According to our study, patients had increased COs and VTIs both after PLRTs and BITs compared with those before these two tests, which indicated that the changes of COs and VTIs during BITs could identify fluid responsiveness in circulatory shock patients with RRT.
The evaluation of fluid responsiveness happens all the time in intensive care units which play a vital role in fluid management. Fluid bolus, which could be treated as preload challenge, was classically used to test if it could induce hemodynamic improvement. But it was possible to be overloaded if no attempt was made to evaluate fluid responsiveness with volume expansion. So static parameters like central venous pressure and dynamic markers like pulse pressure variation and stroke volume variation were used based on heart-lung interaction(10). And PLRT, taken as a reversible preload challenge, could be repeated frequently without any fluid dripping into the body(11) and was accurate even in patients spontaneously complicated with cardiac arrhythmias, and low respiratory system compliance(12). Additionally, an increase in CO after the mini-fluid challenge could also define fluid responsiveness (13). In our opinion, PLRT was proved to be the most useful and convenient maneuver reported to be reliable consistent with studies, and reversible in preload challenges (2). Therefore, we adopted the changes of preload during PLRTs, expressed by CO and velocity-time integral, as the ‘golden standard’ in our study to test if BIT could have the same power to identify the fluid responders from all patients with shock and RRTs. The reliability of CO measurements by pulmonary thermodilution in RRT was challenged because it was found that the thermodilution curve forms were modified resulting in inaccurate calculation of related hemodynamic parameters.(14) But we noticed that the thermal indicator was injected through a dialysis catheter in this study which was not a normal way stipulated by factory settings. Additionally, Dr. Dufour and his colleagues confirmed that hemodynamic measurements derived from transpulmonary thermodilution were not affected by RRTs.(15) So we could take the changes of CO derived from PiCCO2 as the golden standard to recognize fluid responders.
Transthoracic echocardiography was performed excellently in estimating cardiac out based on LVOT-VTI compared with pulmonary artery catheter (16, 17). Additionally, LVOT-VTI combined with PLRT could screen volume responsiveness from end-stage renal disease patients after hemodialysis with the mean VTI increasing from 30.31cm to 34.91cm and the mean ΔVTI between 12.64% and 16.84% (18). And LVOT-VTI is reliable and repeatable in distinguishing fluid responders from all shock patients. As reported in the study of Lill Bergenzaun and his colleagues (19), LVOT-VTI was the best repeatable echocardiographic parameter in the evaluation of left ventricular systolic function.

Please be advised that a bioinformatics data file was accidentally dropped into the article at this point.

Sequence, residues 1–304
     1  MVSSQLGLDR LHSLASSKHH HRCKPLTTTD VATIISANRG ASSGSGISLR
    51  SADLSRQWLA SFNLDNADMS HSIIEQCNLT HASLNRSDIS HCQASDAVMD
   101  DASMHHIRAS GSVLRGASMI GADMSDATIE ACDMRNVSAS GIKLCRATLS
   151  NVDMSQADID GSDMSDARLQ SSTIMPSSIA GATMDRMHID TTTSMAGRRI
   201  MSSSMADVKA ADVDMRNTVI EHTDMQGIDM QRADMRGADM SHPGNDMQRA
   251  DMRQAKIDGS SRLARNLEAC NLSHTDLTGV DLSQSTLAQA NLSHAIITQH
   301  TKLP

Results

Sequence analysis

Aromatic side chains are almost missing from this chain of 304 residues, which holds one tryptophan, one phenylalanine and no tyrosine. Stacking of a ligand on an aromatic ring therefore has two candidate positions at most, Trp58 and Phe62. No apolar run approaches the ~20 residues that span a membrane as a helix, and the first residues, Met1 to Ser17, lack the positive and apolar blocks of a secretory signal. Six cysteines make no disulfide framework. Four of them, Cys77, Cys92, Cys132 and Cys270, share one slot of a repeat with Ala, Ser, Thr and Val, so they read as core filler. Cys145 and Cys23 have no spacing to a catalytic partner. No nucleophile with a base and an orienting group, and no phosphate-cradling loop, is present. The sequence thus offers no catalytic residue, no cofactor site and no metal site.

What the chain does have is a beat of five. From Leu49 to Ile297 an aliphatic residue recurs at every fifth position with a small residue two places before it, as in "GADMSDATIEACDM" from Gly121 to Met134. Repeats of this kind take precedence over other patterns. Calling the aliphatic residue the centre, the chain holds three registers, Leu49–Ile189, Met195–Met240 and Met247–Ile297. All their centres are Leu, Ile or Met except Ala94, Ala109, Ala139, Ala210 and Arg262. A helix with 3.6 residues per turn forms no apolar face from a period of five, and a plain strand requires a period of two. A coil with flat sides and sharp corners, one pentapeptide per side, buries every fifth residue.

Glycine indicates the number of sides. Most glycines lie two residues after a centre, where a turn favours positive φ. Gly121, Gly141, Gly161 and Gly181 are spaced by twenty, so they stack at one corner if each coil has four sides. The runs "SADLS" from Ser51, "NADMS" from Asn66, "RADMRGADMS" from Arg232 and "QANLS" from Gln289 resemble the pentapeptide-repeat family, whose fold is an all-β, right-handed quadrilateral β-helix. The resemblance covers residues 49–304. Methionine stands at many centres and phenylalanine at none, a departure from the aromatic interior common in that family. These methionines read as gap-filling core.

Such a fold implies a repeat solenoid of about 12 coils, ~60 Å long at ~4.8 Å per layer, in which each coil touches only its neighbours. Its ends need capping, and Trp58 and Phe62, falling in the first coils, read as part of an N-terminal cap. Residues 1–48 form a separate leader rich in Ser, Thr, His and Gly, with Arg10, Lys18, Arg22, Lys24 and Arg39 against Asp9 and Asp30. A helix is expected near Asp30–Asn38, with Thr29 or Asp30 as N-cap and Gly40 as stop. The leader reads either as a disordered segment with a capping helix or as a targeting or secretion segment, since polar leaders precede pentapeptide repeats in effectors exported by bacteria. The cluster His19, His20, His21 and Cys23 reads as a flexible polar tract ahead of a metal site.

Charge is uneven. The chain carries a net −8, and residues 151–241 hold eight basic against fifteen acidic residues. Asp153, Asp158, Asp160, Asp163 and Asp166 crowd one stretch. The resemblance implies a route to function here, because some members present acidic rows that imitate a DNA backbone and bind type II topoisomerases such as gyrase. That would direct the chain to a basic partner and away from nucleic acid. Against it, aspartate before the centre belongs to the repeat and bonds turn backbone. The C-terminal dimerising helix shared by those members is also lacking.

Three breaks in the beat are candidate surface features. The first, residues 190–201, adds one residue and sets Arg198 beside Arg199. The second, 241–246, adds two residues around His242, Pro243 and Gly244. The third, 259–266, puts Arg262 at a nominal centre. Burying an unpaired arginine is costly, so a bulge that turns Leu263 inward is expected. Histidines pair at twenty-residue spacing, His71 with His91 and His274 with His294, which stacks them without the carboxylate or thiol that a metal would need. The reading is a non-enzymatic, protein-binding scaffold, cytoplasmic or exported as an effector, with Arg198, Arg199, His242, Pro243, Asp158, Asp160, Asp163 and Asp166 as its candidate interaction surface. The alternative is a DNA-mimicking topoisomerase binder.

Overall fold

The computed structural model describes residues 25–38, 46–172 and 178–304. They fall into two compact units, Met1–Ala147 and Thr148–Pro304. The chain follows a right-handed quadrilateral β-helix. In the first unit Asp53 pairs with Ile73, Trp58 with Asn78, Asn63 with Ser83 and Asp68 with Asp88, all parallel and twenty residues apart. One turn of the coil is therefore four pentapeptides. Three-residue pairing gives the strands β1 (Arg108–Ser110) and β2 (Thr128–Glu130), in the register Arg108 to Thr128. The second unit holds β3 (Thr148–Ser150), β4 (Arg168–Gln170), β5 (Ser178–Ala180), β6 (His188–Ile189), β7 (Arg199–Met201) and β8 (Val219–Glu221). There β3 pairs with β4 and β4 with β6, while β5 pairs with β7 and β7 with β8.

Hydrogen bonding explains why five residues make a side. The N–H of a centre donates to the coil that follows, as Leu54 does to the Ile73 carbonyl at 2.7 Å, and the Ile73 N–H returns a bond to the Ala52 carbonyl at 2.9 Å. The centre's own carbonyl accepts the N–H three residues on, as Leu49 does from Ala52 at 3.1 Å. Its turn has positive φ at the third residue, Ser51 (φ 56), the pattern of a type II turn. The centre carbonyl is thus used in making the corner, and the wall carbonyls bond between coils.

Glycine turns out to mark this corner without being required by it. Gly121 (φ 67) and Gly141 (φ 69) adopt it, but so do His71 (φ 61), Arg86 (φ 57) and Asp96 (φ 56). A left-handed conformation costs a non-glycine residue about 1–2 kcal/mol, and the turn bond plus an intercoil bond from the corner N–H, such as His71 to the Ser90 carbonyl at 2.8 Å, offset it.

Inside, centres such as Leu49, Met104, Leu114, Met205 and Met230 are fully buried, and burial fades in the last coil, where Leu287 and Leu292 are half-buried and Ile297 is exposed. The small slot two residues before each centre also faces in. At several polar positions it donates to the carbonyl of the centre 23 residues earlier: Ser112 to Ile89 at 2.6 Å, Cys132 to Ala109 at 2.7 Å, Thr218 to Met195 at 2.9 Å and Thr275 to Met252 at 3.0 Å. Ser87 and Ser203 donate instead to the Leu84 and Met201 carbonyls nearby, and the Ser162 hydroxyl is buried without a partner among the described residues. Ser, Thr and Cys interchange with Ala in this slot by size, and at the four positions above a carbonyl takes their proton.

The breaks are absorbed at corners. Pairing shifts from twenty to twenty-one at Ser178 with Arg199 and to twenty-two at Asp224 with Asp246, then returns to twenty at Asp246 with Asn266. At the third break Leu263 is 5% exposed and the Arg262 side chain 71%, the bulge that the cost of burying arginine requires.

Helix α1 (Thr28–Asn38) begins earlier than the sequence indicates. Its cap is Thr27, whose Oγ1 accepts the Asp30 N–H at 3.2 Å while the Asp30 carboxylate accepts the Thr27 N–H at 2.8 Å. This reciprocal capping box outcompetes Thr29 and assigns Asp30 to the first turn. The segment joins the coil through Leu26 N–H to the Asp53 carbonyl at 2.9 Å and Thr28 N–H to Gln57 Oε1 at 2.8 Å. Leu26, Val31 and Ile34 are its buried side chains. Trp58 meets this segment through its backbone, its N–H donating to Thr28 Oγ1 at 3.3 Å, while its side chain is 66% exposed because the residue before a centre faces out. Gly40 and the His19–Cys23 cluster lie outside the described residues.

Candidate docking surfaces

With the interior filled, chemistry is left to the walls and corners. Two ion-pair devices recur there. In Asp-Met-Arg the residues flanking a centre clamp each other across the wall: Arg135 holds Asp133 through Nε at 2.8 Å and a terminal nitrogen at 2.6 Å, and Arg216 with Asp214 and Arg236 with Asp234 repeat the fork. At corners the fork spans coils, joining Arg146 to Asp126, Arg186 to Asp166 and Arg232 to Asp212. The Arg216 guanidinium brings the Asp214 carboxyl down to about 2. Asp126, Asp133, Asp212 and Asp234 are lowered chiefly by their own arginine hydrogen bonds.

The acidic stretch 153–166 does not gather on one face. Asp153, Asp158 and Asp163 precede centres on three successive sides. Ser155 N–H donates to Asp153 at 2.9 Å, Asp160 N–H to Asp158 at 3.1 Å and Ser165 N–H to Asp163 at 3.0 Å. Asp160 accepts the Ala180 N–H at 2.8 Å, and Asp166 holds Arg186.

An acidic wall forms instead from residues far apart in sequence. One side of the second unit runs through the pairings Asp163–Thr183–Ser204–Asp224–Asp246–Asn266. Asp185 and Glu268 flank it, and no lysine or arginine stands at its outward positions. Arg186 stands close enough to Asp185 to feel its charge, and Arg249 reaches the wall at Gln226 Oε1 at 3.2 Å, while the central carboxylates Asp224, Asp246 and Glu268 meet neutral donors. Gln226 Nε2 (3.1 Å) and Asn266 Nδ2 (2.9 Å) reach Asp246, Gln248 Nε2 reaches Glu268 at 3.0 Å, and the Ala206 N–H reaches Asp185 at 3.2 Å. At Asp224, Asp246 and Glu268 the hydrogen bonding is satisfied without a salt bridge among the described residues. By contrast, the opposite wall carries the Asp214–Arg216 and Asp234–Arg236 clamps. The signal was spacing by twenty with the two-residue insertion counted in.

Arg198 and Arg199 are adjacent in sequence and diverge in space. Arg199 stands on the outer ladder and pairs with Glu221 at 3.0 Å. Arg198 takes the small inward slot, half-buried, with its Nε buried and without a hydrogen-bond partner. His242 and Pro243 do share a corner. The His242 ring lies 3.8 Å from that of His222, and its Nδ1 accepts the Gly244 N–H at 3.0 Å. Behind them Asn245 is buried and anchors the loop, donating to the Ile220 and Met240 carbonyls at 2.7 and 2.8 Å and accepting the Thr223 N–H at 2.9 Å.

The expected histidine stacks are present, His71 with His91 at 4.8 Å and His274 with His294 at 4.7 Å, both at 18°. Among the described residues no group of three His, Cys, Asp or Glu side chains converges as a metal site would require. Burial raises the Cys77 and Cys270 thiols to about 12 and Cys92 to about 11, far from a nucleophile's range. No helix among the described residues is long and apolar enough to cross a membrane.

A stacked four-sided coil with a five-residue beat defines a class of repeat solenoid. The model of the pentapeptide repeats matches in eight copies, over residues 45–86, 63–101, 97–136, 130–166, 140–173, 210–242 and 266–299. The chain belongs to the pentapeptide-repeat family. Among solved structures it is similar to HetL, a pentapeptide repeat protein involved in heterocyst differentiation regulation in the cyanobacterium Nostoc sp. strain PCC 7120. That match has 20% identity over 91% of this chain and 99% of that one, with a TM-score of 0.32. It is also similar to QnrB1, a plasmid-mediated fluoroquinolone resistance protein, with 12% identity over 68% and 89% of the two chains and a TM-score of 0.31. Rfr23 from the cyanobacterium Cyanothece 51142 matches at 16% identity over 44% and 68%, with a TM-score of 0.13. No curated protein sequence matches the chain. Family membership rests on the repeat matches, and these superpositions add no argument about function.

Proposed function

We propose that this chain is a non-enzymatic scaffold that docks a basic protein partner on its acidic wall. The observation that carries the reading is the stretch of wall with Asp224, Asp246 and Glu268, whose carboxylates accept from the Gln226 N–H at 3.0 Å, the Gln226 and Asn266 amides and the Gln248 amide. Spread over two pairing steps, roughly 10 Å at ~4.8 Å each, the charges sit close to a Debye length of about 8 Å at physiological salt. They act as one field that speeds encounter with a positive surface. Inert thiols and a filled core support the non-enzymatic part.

Little similar studies were found according to our findings except the one published by our team last year which focused on volume changes during BPT at the early stage of continued blood purification(5). From our collected data, general hemodynamic parameters (heart rate, mean arterial pressure, and central venous pressure) had no significant difference before and after PLRTs or BITs. Just as reported in Andreas Umgelter’s study, the above hemodynamic parameters had no change after infusion of 200ml of 20% albumin. Furthermore, no difference was detected between responders and non-responders(20). Additionally, even stroke volume from PiCCO and inferior vena cava-collapse index from echo examination had little change before and after PLRTs or BITs from this study due to various interfering factors in the calculation of stroke volume from PiCCO, like zero setting of arterial pressure, and VTI-CI from echocardiography, like respiratory rate. However, COs and LVOT VTIs increased significantly both in PLRTs and BITs. There were nearly 60% of patients companied by remarkable increased COs with relatively high COs during PLRTs. That was to say, the cause of shock in this population remained partly due to insufficient volume indicating that more fluids should be given to these patients. Such facts implied that, firstly, if the patient had received sufficient fluid management; secondly, the following goals of fluid treatment should be made on account of the results after BIT.
Our study was limited by the following facts. Firstly, it should be a ‘round-trip’ trial if we’re intended to demonstrate BITs do have an impact on fluid responsiveness, which means there should be a BPT just after BIT. However, it couldn’t be carried out in practical daily work due to standards of medical ethics. Secondly, we took PLRT as ‘the golden standard’ in our study instead of fluid-challenge with a certain number of crystalloids. But such a volume as 500ml was not necessary and might be a heavy burden to the patient that could worsen the unstable hemodynamics.